As for anybody taking anything from anyone else, that is not the case in any way, shape or form. Hikers and equestrians would still enjoy the same level of access they enjoy today. Your misleading hyperbole again exposes your irrational nature or your willingness to lie and deceive.

      Recommended Thumb up 0

  • Kasey November 13, 2012 at 4:48 pm

    When you take emotion out of the discussion, the results are predictable. I’ve explained this issue to 10 friends that are neither “serious” mt bikers, hikers or equestrians… but they enjoy the great outdoors in various ways. 9 of them supported sharing the trail as long as everyone respected each other. 1 opposed sharing (suggesting a trail for each type of user). 2 had never heard of the PCT. 6 of them essentially said “what’s the big deal?”

    Recommended Thumb up 3

    • Hoper November 14, 2012 at 4:33 pm

      “I’ve explained this issue to 10 friends that are neither “serious” mt bikers, hikers or equestrians…”

      Such limited experience, knowlegde and commitment to the PCT hardly makes for an informed opinion. I am greatful the decison to keep bikes off the trail, protect hikers and equestrians from the proven hazards of mixing modes was made by wiser folks that the “ten friends.”

      Recommended Thumb up 1

      • alex November 14, 2012 at 5:01 pm

        What it is, is a good representation of how the general public feels about it. After all, it is a public land and not yours, regardless of your emotional attachments.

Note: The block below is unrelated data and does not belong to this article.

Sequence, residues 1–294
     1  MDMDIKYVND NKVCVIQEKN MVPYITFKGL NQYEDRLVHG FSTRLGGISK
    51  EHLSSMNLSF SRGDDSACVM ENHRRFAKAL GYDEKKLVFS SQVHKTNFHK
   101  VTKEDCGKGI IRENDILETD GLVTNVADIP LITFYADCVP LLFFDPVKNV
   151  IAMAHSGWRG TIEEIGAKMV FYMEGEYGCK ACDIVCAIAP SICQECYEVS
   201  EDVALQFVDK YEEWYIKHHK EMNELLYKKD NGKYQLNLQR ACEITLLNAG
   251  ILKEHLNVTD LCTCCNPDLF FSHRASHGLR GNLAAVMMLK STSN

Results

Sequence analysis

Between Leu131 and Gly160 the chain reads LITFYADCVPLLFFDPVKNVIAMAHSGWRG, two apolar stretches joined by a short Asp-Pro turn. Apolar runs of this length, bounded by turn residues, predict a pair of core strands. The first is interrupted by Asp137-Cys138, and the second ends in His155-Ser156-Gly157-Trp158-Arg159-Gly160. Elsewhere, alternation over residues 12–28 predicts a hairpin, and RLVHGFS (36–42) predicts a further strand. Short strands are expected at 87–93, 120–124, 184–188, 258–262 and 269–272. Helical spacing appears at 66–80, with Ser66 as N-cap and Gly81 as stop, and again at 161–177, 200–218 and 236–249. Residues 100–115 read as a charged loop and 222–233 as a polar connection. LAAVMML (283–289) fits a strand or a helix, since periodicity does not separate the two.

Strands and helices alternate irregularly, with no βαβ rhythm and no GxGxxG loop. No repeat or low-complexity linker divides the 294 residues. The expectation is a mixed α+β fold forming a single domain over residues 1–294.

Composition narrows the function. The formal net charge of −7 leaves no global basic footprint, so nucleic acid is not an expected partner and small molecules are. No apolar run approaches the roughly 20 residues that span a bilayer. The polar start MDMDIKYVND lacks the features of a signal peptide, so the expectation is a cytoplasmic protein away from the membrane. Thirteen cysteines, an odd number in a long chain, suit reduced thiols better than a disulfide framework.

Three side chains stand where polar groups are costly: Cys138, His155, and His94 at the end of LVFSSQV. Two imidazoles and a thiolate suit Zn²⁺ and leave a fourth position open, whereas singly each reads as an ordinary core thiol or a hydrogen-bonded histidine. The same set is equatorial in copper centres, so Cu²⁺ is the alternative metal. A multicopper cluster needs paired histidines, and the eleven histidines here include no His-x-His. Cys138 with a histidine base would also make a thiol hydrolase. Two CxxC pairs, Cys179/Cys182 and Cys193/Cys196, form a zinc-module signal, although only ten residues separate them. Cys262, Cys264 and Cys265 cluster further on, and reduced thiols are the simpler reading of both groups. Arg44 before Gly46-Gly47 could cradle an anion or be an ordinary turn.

Recommended Thumb up 2

      • TrailLover November 14, 2012 at 6:56 pm

        You mention the “proven hazards of mixing modes.” Are you unaware that it’s the opposite that has been demonstrated every time user conflict has been studied? That’s not to say there aren’t anecdotes floating around and perhaps that’s what you’re hanging your hat on here, but please share any data you may have that amounts to a basis for forming public policy and excluding a user group from the PCT.

        Recommended Thumb up 4

  • TrailLover November 14, 2012 at 8:36 am

    Alex and Hoper certainly went a few good rounds here. Maybe it’s time for a break…or a hike…or a ride. The funny/sad thing is that if you interviewed Alex or Hoper individually about their values and perspectives regarding conservation, outdoor recreation, open space, etc., you’d probably find that they are indistinguishable from one another. So how can they seem so far apart on the idea of sharing the PCT?

    Alex’s comments make it clear that he is simply perplexed by how Hoper can be so opposed to something that Alex sees as an essentially benign – if not beneficial – idea: simply adding a few cyclists to the PCT community. Everyone will simply wave hello, talk about what a nice day it is and then just carry on down the trail.

    Hoper’s comments tell us a lot too. His sense of ownership of the trail might easily be dismissed as “selfish,” as Alex says, but what Hoper is really saying is that he feels deeply about the trail, it’s legacy and how important it is to him personally. That’s the kind of enthusiasm that the trails community wants to encourage. But can Hoper be convinced that a bicycle on the PCT does not necessarily threaten the core of his experience of the trail? Hoper says no. If Hoper sets out on the trail convinced that any encounter with a bicycle is going to ruin his day, well, that’s probably exactly what’s going to happen. And while it may seem that Hoper is repeatedly confusing the PCT access issue with the separate issue of Wilderness, in Hoper’s mind there’s no difference between the two. An intrusion on one is an intrusion on the other.